Hamilton-Shea was "the kind of place where you learn to cold call, to 'pump and dump,'" said Joseph Dehner, a lawyer in Cincinnati, Ohio, who specializes in cases involving rogue brokers and firms.

Pump and dump refers to a practice in which firms artificially raise the prices of stocks they hold by aggressively selling shares to clients and then selling their own shares.

At least three Hamilton-Shea brokers who worked briefly with Bales pleaded guilty to violations of securities law after he left Florida to work in Ohio at Quantum Capital Corp., according to records from FINRA. Quantum also owned Hamilton-Shea.

Bales left Quantum in early 1998 to join Michael Patterson Inc., or MPI, whose eponymous owner had worked with him at both Hamilton-Shea and Quantum. Bales remained there until late 1999, then worked for two other Ohio brokerages until December 2000.

Patterson, whose firm was shuttered one month after Bales joined the Army, could not be reached for comment.

Neither FINRA nor the Ohio Divison of Securities ever suspended Bales, who simply let his securities license lapse, according to regulators. If an arbitration award is not paid within 30 days, FINRA can suspend a broker and would not allow him or her to join another firm during the suspension.

(Reporting By Nick Carey, Jed Horowitz and Peter Henderson.; Editing by Marilyn W. Thompson, David Brunnstrom and Paul Simao)

(The story was refiled to add missing first name of soldier in paragraph two)

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Comments (20)
CapTintin wrote:
Well well well !!!! We have a “scapegoat” !!! HOORAY !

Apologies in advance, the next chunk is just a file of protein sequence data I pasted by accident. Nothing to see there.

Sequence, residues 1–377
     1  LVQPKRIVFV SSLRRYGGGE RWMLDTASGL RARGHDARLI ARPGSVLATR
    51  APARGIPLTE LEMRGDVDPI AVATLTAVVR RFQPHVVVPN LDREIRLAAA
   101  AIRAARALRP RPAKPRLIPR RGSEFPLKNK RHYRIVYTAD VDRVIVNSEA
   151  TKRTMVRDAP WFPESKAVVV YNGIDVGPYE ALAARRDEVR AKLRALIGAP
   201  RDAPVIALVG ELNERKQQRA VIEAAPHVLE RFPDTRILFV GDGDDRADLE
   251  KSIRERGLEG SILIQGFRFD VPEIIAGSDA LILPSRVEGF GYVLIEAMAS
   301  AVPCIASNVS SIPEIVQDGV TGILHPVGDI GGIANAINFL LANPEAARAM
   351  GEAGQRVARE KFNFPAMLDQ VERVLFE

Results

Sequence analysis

Dude serving his country screwed up !!! Did not stop big Military to send him abroad for a FOURTH Tour of Duty !!!
It sure matters NOW when ACCOUNTIBILITY comes in !!!
It’s OK ALL YOU MORONS !!! This poor souls mistake would not have changed a thing anyways !!! Afghans are INDO-EUROPEANS such as US !!!
Their blood runs in our veins! In the same fashion we do not want to be subjegated to anyone else’s RULE, they don’t EITHER !!!
They think like WE DO !!! And in the same fashion they drove the British and Russian Empires OUT, they will DRIVE NATO right out of their country and most likely OUT of EXISTENCE !!!
TIME TO LEAVE NOW !!!!!!!!!!! While OUR young men and women serving are still ALIVE !!!!
The Geopolitical Adventures of NATO are NOT for Afghanistan !!!
FORGET Permanent bases there … Will NEVER happen !!!
Keep going the way you are and you will become a MEMORY like Elphinstone’s Army that got DESTROYED a century and a half ago !!!
USA and NATO will become synonymous with British Empire and USSR DOWNFALL !!!
Please SAVE our young Men and Women and get them the Hell outta there !!!!!!!!!!!!! NOW !!!!!!!!!

Mar 21, 2012 11:06pm EDT  --  Report as abuse
Lord_Foxdrake wrote:
He was never served. He was in the military. He is shielded from the judgment as active duty and making less than he did before.

This has nothing to do with alleged murder charges and is highly prejudicial tainting the potential juror pool.

Did he have unpaid child support too?

Mar 21, 2012 11:48pm EDT  --  Report as abuse
123456951 wrote:
How disgusting. So I can be a white collar criminal, join the military and be exonerated. How disgusting. No one seems to have the guts to do what is necessary here. Turn him over to the Afgan government and let them do what they want with him.

Mar 21, 2012 12:31am EDT  --  Report as abuse